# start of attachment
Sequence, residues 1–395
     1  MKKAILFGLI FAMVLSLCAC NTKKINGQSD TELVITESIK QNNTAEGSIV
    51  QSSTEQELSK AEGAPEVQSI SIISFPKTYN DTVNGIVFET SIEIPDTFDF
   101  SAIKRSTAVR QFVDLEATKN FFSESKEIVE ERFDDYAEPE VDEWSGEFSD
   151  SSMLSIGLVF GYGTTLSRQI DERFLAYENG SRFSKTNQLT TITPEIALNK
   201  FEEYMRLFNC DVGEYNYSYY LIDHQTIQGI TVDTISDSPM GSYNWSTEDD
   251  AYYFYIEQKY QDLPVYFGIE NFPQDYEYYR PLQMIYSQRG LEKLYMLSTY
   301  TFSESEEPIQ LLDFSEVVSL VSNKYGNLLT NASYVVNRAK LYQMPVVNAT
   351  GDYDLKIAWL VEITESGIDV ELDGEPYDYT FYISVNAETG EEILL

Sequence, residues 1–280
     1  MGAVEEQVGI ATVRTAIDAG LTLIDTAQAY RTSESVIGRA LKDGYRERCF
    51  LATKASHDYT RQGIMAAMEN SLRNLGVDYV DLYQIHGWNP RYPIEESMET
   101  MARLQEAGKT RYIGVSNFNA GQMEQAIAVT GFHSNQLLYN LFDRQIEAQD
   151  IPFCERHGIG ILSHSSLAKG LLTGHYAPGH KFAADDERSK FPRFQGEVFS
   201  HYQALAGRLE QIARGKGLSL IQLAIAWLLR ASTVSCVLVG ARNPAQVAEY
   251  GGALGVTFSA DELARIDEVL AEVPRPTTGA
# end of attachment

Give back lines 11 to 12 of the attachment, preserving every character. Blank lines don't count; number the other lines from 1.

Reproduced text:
     1  MGAVEEQVGI ATVRTAIDAG LTLIDTAQAY RTSESVIGRA LKDGYRERCF
    51  LATKASHDYT RQGIMAAMEN SLRNLGVDYV DLYQIHGWNP RYPIEESMET